The Advisor library makes it easy to create data gathering solutions that involve human evaluation. It is based on the criterion concept from version 1 of Advisor.
During an assessment, a user is presented with a series of questions, each one of which can require a textual response and/or the selection of a single grade from a list. This is an effective way of gathering both subjective and objective opinions from users.
The library.advisor library contains metadata to support assessment. It contains the following types:
- Advisor Library - library used to contain a set of questions etc.
- Advisor Library Prototype - can be inherited by an instance of Advisor Library to provide standard metadata.
- Criterion - a question
- Criterion Group - a group of questions or a questionnaire
- Criterion With Derivation Scripts - a question with derivation logic. Used for Name (library.advisor.AssetName).
- Finding - a recommendation or other inference.
- Grade - one of a group of possible grades for a question
- Rule - recipe for deriving a finding from grades and other findings
The general idea is to create an instance of Advisor Library which inherits from Advisor Library Prototype, and then use this to create the criteria, criterion groups, findings, grades and rules required for an assessment solution.
Criteria and Criterion Groups
To support assessments, Advisor provides the following types:
- library.advisor.CriterionType - this defines a criterion, which is used to create a question. During derivation the criterion is elaborated with metadata to allow it to be used as a member type.
- library.advisor.CriterionGroupType - this is a container for a group of criteria. During derivation the criterion group is elaborated with metadata to allow it to be used as a type, including the creation of tabs and calculation of member type scales to represent importance weightings for the criteria.
Criterion groups can contain any member types, not just criteria.
Within criterion groups, member type library.advisor.CriterionList works like system.MEMBER_TYPE list, but if it encounters any items with targets of type library.advisor.CriterionGroupType, then these are treated as "groups".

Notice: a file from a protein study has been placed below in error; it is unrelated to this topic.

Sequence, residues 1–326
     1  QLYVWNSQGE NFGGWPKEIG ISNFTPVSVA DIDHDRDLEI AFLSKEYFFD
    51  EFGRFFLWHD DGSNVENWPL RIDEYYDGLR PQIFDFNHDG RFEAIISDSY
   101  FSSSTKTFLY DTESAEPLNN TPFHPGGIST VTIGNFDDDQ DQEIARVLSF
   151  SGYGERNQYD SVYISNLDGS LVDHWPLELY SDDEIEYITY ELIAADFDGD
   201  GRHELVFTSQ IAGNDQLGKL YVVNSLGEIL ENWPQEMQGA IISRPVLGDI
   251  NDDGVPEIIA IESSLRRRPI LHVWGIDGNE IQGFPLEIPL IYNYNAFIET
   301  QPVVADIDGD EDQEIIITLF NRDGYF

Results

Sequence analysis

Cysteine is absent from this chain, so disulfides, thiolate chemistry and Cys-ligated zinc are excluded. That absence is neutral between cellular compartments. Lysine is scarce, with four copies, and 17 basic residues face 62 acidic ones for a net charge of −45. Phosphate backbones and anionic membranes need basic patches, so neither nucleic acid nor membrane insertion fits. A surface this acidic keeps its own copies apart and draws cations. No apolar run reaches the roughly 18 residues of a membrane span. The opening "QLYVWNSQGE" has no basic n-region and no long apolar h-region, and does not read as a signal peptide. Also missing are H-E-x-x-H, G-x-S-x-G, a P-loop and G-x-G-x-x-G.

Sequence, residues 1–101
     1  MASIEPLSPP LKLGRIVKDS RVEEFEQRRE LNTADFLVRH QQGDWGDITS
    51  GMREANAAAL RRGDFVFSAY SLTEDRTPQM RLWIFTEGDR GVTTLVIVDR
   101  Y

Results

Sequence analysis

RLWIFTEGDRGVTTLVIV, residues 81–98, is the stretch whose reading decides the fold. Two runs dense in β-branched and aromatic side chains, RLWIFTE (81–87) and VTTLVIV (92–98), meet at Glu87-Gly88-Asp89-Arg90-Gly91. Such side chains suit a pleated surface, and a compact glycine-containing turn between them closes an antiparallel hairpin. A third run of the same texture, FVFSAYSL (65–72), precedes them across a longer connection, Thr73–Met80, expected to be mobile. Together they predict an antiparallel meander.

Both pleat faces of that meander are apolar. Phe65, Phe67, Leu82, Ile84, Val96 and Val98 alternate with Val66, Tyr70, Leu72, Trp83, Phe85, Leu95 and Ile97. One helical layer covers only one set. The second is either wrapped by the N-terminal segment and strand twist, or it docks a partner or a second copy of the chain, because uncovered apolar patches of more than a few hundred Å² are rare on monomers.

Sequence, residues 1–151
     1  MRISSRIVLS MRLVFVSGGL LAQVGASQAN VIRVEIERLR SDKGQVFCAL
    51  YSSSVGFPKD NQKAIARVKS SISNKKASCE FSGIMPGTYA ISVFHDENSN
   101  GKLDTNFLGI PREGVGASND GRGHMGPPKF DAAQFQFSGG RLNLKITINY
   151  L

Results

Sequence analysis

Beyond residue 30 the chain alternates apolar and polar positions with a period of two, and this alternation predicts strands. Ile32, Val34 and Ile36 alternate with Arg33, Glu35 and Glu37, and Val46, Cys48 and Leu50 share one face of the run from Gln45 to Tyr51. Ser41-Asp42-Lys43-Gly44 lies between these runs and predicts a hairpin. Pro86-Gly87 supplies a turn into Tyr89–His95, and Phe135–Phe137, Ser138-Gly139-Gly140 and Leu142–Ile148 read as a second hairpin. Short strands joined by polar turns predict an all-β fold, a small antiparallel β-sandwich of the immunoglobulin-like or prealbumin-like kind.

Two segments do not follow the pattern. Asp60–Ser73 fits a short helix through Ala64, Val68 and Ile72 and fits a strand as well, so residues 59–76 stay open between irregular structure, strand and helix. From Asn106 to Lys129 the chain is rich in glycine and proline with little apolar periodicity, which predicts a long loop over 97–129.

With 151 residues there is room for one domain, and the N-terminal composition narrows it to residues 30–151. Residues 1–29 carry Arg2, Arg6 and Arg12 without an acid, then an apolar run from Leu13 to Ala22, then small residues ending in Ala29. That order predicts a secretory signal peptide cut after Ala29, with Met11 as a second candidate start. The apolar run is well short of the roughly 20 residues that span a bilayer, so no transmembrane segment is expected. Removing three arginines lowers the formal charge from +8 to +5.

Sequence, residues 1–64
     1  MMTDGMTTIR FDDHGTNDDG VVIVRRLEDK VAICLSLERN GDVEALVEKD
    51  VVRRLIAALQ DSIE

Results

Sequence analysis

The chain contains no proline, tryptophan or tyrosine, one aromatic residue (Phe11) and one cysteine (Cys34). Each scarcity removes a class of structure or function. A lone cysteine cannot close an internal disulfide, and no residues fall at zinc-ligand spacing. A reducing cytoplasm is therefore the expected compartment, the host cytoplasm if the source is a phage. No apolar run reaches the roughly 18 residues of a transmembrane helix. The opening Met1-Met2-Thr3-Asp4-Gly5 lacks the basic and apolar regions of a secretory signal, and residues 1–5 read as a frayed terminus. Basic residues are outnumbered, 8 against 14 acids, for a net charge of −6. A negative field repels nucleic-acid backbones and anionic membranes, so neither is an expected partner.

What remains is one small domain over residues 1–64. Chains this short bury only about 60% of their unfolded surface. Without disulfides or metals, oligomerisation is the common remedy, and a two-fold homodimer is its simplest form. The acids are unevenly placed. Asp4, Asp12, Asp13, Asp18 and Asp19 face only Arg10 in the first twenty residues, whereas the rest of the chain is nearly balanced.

The members of the group are copied into the member type list in place of the group, with hierarchically arranged sequence numbers and hierarchically proportioned scales, calculated as a percentage. Any group which contains members is considered a tab.
For example, if type A contains:
- Group A, scale 3
- Group B, scale 2
Group A contains:
- Member Type A1, scale 1
- Member Type A2, scale 2
Group B contains:
- Member Type B1, scale 0
- Member Type B2, scale 1
- Member Type B3, scale 1
Then the resultant tabs will be:
And the resultant member types will be:
|1/1||20||Member Type A1|
|1/2||30||Member Type A2|
|2/1||0||Member Type B1|
|2/2||20||Member Type B2|
|2/3||20||Member Type B3|
There do not have to be a consistent set of groups. For example, if the type Type A contains:
- Member Type 1, scale 5
- Group X, scale 2
- Member Type 2, scale 3
And Group X contains
- Member Type Xa, scale 4
- Member Type Xb, scale 6
Then the resultant tabs will be:
And the resultant member types will be:
|1||50||Member Type 1|
|2/2.1||8||Member Type Xa|
|2/2.1||12||Member Type Xb|
|3||30||Member Type 2|
If the display properties Show and Show Edit are both set to false for a member, a sequence number will not be generated for the member.
When used as member types, criteria may present a set of grades to the user from which they pick one. The type library.advisor.GradeType can be used for this.
Each grade is represented by a node. The selection of the node is simply the selection of a target
Grades are independent of criteria.
The Findings List member type (library.advisor.FindingList) holds a list of grades, inferences and recommendations pertinent to a node. The target of each member points to a grade or a finding node, which describes what has been found. The value holds the associated response.
Findings are managed in a number of ways:
- They are derived from criterion gradings.
- They may be entered in other ways from other member types.
- They are inferred using rules.
- They may be removed using some form of filter.
The type library.advisor.FindingType can be used to set a finding. This provides a name and a description (just like a grade), but also sets a priority for the finding and a priority adjustment list. These are explained in the recommendation section below.